In our Senior Send-Off series, the Dingman Center celebrates the student founders who are part of the graduating class of spring 2020. We are so pleased to have had the chance to get to know each of these talented entrepreneurs through our programs.
Ladies First Founders
Lucy Bedewi ’20 (Cohort 3), Marketing major, founder of Wanderlust Wardrobe
Dana Hashem ’20 (Cohort 2), Neuroscience major, founder of Care for a Terp
Monica Pizzo ’20 (Cohort 3), Chinese Language major, founder of LUMXN
Jessica Rosenthal ’20 (Cohort 1), Mechanical engineering major, founder of Good Stuff Good Works
Hannah Shraim ’20 (Cohort 3), Business management major, founder of Libre Looks
Today is the final day of classes for cohort 3 of Ladies First Founders, our course for female and non-binary founders to gain the necessary business skills and soft skills to successfully launch a startup. We sat down with some past and present cohort members who are graduating this spring to touch base on their ventures, their post-graduation plans and learn more about how they grew during and after the course.
What are your plans after graduation?
Lucy Bedewi: My plans after graduation are to see where the state of the world is with regard to the pandemic, but give my time to growing my business.
Dana Hashem: After graduation I plan to go to grad school for neuroscience research! It will be hard & a lot of work, but I know it will be worth it in the end.
Monica Pizzo: At first, I thought I would just find a job and pursue marketing and graphic design after I graduated and work my way through my new career. But now, in light of recent events, it actually led me to reevaluate what I care most about and what I find the most joy in. While I am applying for jobs now, specifically in graphic design and marketing, I will also be seeking and applying to opportunities for a Masters in Human Computer Interaction programs.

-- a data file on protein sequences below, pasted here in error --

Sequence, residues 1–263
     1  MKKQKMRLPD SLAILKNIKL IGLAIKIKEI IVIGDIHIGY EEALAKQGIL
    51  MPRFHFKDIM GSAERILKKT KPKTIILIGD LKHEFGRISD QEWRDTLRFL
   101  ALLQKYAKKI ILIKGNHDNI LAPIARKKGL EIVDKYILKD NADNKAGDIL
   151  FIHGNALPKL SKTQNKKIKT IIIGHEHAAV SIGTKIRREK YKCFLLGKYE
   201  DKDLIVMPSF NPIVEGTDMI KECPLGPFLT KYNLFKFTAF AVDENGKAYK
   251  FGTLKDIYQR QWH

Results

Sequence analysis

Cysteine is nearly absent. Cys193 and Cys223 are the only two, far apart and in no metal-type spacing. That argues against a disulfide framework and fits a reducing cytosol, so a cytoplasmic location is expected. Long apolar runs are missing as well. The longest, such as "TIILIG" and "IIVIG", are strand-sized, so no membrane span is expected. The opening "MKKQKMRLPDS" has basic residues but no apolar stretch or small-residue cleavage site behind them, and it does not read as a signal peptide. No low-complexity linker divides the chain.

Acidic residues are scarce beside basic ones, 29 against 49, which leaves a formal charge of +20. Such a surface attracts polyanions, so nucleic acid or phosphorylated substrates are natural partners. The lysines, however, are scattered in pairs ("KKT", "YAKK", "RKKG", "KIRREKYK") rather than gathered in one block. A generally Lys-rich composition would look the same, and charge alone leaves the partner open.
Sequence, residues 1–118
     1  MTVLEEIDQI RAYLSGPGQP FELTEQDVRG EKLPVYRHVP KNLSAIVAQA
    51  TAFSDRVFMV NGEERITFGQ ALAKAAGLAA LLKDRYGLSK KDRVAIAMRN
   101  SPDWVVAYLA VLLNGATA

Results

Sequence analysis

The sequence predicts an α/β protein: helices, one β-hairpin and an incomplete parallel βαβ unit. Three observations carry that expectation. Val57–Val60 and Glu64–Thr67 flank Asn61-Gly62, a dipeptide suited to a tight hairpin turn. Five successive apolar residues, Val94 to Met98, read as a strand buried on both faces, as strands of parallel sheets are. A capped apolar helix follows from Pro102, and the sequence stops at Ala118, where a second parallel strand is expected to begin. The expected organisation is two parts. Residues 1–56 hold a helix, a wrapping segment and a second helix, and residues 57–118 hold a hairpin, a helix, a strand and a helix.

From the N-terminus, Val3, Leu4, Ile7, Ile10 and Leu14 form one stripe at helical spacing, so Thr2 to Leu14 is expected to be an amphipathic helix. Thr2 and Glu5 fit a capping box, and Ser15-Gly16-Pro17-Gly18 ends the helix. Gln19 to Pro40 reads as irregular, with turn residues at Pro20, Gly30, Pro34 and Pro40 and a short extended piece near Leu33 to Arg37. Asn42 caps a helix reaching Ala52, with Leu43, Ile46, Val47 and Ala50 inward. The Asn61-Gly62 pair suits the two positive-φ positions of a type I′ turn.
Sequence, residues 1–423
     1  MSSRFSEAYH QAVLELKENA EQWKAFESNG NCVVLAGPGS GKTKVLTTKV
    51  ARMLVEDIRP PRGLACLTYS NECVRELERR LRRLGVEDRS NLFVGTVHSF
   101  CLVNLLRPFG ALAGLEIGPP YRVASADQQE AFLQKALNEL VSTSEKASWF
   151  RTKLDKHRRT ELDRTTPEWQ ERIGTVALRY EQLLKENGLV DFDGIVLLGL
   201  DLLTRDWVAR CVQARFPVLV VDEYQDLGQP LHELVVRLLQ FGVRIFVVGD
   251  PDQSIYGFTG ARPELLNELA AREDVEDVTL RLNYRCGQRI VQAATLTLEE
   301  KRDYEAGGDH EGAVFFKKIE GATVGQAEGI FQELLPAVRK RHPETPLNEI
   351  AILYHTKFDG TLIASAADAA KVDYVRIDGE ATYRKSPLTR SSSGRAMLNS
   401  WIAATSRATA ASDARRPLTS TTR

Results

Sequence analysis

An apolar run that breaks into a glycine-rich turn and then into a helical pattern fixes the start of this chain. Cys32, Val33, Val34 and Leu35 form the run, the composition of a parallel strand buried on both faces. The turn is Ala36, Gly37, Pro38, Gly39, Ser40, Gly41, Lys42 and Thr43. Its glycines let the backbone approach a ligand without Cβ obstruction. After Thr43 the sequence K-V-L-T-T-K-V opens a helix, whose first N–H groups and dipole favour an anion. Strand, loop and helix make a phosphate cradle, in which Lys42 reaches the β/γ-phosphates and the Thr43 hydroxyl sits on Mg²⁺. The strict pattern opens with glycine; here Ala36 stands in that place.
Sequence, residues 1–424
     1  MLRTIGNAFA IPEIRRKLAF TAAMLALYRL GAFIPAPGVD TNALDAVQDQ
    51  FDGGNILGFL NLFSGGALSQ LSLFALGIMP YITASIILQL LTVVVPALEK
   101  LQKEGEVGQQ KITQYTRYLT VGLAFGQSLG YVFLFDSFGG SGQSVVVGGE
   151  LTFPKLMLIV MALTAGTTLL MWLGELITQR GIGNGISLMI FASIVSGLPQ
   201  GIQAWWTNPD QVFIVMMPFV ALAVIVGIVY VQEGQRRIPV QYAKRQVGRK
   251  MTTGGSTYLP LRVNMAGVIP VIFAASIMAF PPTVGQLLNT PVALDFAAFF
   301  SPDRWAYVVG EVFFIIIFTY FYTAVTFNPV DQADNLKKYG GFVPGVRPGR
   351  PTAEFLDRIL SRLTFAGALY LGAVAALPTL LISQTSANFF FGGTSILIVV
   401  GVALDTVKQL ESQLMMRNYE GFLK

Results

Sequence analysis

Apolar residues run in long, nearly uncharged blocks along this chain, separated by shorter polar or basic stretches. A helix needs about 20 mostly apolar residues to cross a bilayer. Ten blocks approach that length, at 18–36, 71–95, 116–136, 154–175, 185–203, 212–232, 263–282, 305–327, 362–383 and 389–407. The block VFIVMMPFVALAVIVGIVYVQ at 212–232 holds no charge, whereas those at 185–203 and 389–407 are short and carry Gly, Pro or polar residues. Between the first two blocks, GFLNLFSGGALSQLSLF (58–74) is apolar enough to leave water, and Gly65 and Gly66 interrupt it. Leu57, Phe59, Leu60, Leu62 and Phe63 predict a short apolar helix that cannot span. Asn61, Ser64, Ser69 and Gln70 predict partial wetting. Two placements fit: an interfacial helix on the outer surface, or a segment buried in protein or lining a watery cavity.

Jessica Rosenthal: I will be working for Rivian as a Controls Integration Engineer in Southern California.
Hannah Shraim: I’m hoping to study for the LSAT and get a legal-related job. After one or two years, I’m planning to attend law school and pursue a career relating to human rights advocacy.
What’s one thing you’ll miss the most about UMD?
Lucy Bedewi: I’ll miss all of the people and the laughs we shared going to events and hanging out on the weekends.
Dana Hashem: I don’t know if I can choose one thing, UMD was my undergrad! But, I will miss hanging out on Mckeldin mall to study or eat & relax with friends, the adrenaline rush in the stands of Capital One & Xfinity stadium; & definitely the opportunities & memories that my home college & Smith gave me during my time there.
Monica Pizzo: I’ll miss the amazing community that I’ve built and also was at my disposal at UMD. Up until my last moments on campus, I was constantly meeting new people who were pushing me in different directions and inspiring me by their own aspirations. I’ll miss this constant flow of ideas and inspiration that these new people gave to me.
Jessica Rosenthal: I’m going to miss living next door to some of my best friends!
Hannah Shraim: Beyond an education, UMD has given me relationships that I couldn’t dream of living without. I will miss spending time with my closest friends in SORC and making moves to see them every week. It’s a special experience to spend time with people who are closest to you.
What’s your favorite memory from Ladies First Founders?
Lucy Bedewi: My favorite memory has been class time. I love seeing everyone’s progress every week and sharing not only tips but also wild stories from the past week.
Dana Hashem: Growing closer together as a group of like-minded entrepreneurial women and meeting our mentors.